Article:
The term reliable document includes documents such as invoice, bill of exchange, cheque, excerpt from the claimant’s business records, etc. Although forced execution may be sought on the basis of any of such documents, a simple objection lodged by the debtor against the writ of execution will eliminate the execution proceedings and automatically bring the whole process into litigation.

    The cornerstone of forced execution proceedings is a ‘writ of execution’, a court process in which, upon a claimant’s petition, forced execution of the claim is granted and a method of execution determined.

    Preparations for the judicial sale include:

    • determination of the sale value;
    • determination of sale conditions; and
    • advertisement and notification to creditors and claimants.

    Although the usual method of judicial sale of vessels is public bidding, the vessels can also be judicially sold by direct arrangement with an interested buyer. Such sale will have to satisfy certain conditions prescribed in the law, but will retain the attribute of judicial sale.

    The judicial sale extinguishes all the ship mortgages and maritime liens existing on the vessel prior to the judicial sale (except those assumed by the purchaser).

    The priority ranking in the distribution of the proceeds of judicial sale can be summarized as follows:

    (i) prior charges on the gross sale proceeds (costs associated with the sale);
    (ii) claims of the Republic of Croatia related to removal of substandard vessels, locating, marking and removal of wrecks and sunken objects;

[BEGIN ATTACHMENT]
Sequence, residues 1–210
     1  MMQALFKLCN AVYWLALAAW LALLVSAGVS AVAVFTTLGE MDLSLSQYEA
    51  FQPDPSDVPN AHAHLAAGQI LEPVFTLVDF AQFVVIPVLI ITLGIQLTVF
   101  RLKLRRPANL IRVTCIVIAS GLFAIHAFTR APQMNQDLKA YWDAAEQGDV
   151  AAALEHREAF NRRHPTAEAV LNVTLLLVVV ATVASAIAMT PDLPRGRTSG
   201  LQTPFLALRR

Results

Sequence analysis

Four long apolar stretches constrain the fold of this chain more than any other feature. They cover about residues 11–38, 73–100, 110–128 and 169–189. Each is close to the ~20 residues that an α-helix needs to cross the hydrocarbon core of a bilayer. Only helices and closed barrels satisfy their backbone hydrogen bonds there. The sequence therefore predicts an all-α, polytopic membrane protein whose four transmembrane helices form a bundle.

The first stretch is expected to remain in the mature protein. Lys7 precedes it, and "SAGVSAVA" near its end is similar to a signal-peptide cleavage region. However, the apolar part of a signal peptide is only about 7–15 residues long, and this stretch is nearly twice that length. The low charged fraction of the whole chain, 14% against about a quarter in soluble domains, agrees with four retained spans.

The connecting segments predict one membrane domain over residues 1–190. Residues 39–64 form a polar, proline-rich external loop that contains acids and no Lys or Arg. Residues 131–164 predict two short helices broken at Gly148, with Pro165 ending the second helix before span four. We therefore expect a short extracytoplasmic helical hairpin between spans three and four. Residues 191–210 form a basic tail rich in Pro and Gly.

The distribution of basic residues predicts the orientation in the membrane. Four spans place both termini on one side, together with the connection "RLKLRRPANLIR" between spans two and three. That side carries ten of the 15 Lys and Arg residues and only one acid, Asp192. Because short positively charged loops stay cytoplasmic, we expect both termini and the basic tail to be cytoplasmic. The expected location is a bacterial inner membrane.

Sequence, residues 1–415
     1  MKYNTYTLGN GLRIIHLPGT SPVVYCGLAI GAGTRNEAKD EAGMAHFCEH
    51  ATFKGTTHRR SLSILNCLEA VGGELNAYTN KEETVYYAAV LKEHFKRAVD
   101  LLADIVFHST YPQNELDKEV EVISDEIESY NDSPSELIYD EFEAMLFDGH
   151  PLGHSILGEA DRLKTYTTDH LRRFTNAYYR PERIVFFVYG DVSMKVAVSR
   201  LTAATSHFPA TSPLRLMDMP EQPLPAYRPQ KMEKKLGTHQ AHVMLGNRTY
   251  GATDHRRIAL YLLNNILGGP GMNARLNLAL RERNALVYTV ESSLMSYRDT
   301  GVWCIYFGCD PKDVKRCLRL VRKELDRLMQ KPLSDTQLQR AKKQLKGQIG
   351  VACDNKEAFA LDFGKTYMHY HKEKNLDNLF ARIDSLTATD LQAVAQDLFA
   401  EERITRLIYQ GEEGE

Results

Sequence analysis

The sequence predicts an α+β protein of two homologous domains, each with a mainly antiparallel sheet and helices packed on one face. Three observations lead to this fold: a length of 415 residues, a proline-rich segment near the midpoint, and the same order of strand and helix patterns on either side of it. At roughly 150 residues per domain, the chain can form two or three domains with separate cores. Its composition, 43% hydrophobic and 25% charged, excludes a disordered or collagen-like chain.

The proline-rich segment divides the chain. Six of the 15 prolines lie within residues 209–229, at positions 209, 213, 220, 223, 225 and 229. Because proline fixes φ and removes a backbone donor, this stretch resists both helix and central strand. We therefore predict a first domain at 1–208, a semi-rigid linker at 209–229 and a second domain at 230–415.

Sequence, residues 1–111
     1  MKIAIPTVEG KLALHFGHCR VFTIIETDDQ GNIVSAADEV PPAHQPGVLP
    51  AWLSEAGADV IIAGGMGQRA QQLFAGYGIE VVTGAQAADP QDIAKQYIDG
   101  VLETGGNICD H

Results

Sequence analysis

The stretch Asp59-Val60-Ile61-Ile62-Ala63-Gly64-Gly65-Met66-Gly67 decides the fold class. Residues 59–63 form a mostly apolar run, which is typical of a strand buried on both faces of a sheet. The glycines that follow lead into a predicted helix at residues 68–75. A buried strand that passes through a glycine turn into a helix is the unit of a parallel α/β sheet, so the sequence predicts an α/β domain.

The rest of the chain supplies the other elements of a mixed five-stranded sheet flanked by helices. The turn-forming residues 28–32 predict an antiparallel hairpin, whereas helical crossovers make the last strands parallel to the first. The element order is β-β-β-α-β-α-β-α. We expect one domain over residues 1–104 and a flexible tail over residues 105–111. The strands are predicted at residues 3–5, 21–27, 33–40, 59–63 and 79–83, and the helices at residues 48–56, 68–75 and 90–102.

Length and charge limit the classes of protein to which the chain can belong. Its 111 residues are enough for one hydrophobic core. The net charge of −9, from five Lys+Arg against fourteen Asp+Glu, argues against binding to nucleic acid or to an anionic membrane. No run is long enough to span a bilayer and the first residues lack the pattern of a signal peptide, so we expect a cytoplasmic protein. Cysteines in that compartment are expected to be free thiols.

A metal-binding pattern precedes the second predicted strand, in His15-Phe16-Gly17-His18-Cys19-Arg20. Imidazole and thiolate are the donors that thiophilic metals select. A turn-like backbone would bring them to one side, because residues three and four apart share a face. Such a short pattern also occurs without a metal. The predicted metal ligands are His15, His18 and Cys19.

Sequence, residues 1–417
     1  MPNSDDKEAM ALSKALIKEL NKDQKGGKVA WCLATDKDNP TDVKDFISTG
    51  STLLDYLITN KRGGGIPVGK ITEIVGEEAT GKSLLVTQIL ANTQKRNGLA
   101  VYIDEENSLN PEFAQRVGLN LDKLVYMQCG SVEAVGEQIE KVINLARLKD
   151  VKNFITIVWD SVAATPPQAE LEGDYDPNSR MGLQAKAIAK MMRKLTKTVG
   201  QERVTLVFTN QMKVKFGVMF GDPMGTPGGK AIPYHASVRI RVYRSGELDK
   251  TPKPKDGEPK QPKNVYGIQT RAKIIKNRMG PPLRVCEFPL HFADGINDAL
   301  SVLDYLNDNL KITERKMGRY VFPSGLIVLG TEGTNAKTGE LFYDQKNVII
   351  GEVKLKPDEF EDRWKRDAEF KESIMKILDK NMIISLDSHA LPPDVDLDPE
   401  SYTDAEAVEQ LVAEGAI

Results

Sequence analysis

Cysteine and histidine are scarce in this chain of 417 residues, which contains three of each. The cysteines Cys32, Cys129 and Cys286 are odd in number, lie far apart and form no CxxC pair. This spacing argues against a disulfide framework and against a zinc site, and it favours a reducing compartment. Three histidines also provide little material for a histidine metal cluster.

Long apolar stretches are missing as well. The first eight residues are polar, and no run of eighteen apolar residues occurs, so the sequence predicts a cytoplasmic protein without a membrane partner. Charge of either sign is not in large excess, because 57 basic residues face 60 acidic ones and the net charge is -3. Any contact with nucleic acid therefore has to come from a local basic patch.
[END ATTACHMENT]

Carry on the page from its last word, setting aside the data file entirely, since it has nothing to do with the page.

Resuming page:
(iii) maritime liens;
    (iv) possessory liens;
    (v) ship mortgages;
    (vi) other claims;
    (vii) the residue of the proceeds, if any, to be paid to the owner.

  13. Who is liable under a bill of lading? How is “the carrier” identified? Or is that not a relevant question?

    The party liable under a bill of lading is the carrier. Croatian law does not provide for a definition of “the carrier”, but it provides that under the contract of carriage of goods by sea the carrier undertakes to perform the carriage of the goods and that the carrier is under a duty to issue, upon the shipper’s request, a bill of lading or another transport document.

  14. Is the proper law of the bill of lading relevant? If so, how is it determined?

    The proper law of the bill of lading is relevant between the carrier and the lawful third-party holder of the bill of lading. The proper law will be determined according to the following key rules:

    • the prime criterion will be whether there is an agreement on the applicable law (provided however that in relation to the carrier’s liability for loss of, shortage or damage to the cargo, the cogent provisions of the Croatian Maritime Code shall always apply where the port of loading or the port of destination is in the Republic of Croatia);
    • where the law chosen by the parties cannot apply to the entire contract or to any of relations arising therefrom, or if the parties have not decided in an express manner on the law that is to be applied, and their intent as to application of specific law cannot be ascertained based on the circumstances of the case, then the law that is most closely related to the contract or contractual relations shall apply;